http://www.bbc.co.uk/programmes/articles/1YmbsbyVkMDTXgjwgn9P4Ff/the-womans-hour-2015-power-list-influencers

As the following BBC News article on Caitlyn Jenner’s inclusion notes:

“Speaking about Jenner’s inclusion in this year’s top 10, Daily Mail columnist and judge Sarah Vine acknowledged it was controversial, for several reasons.

“Initially… many of us felt that Kim Kardashian would have to appear somewhere – not because any of us felt any particular admiration for the woman, but simply because her influence on millions of women worldwide is undeniable.

“But then the Caitlyn Jenner story broke and I in particular felt that she trumped all others in the celebrity stakes.”

She added: “I understand why someone like Jenner might make people feel uncomfortable; but she is a human being like the rest of us and should not be denied the same rights – or indeed respect – as those who live more conventional lives.

“As to her influence, it can only be to the good if a wider audience can learn to understand her experience.””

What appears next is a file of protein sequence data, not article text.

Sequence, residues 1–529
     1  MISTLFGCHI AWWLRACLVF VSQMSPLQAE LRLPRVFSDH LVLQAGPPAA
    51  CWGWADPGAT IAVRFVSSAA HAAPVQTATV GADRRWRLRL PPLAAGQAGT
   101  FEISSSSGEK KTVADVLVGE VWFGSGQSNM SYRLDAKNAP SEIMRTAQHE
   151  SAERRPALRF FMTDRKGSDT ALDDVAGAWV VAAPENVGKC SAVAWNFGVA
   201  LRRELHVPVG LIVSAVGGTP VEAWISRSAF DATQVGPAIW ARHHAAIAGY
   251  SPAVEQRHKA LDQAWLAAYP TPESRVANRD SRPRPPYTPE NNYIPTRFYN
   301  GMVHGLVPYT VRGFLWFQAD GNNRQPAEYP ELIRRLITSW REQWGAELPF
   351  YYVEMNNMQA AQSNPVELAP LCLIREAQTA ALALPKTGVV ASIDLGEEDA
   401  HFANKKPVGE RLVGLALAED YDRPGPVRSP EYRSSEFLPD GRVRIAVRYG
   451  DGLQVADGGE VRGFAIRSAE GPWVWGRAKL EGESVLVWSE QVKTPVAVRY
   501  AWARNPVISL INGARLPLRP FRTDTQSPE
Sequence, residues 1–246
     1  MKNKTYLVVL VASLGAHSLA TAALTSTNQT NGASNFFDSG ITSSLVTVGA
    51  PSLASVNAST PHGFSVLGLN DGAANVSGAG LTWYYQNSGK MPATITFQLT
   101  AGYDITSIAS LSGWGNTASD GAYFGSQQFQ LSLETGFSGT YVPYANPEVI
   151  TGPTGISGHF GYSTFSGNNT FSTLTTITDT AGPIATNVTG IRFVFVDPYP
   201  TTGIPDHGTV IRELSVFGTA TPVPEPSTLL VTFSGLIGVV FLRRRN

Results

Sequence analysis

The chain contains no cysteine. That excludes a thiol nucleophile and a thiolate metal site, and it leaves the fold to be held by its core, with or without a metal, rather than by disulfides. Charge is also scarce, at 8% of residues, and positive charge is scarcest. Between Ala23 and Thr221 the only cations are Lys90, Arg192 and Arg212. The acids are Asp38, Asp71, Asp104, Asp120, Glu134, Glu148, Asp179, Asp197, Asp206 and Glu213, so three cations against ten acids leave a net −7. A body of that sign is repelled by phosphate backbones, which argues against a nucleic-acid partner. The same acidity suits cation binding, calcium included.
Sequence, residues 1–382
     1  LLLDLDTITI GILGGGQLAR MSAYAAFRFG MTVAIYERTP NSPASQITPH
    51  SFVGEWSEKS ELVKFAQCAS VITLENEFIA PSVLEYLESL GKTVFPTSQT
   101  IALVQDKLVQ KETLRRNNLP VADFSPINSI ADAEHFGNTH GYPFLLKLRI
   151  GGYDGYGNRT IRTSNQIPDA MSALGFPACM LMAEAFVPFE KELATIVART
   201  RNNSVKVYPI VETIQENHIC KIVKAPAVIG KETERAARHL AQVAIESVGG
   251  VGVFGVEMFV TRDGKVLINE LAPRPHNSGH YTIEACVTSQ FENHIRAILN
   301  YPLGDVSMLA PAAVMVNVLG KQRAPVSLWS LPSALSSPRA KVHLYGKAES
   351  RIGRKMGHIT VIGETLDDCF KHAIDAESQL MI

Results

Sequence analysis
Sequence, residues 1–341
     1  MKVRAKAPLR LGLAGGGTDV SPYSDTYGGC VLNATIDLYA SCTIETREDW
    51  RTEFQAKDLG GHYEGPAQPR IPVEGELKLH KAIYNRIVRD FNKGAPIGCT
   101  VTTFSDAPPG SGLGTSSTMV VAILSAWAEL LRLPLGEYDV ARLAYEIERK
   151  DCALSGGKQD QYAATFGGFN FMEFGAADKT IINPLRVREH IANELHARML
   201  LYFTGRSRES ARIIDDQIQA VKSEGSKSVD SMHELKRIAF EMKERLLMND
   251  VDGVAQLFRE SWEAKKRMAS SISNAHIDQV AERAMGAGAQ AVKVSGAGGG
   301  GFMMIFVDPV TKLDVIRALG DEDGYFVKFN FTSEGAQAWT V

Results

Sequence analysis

Woman’s Hour editor Alice Feinstein also gave her thoughts on the list, adding:

“”The way power operates in today’s global, interconnected society is not straightforward – brokers of hard power like prime ministers, presidents and CEOs are no longer calling all the shots.

“What I wanted to examine in this year’s list of influencers is how women are operating outside traditional power structures to get things done.””

http://www.bbc.co.uk/news/entertainment-arts-33344317

We hope this is helpful in explaining the focus of this list, and giving more insight into the judges’ decisions, but we appreciate that you may continue to disagree with Caitlyn Jenner’s inclusion and we appreciate your feedback.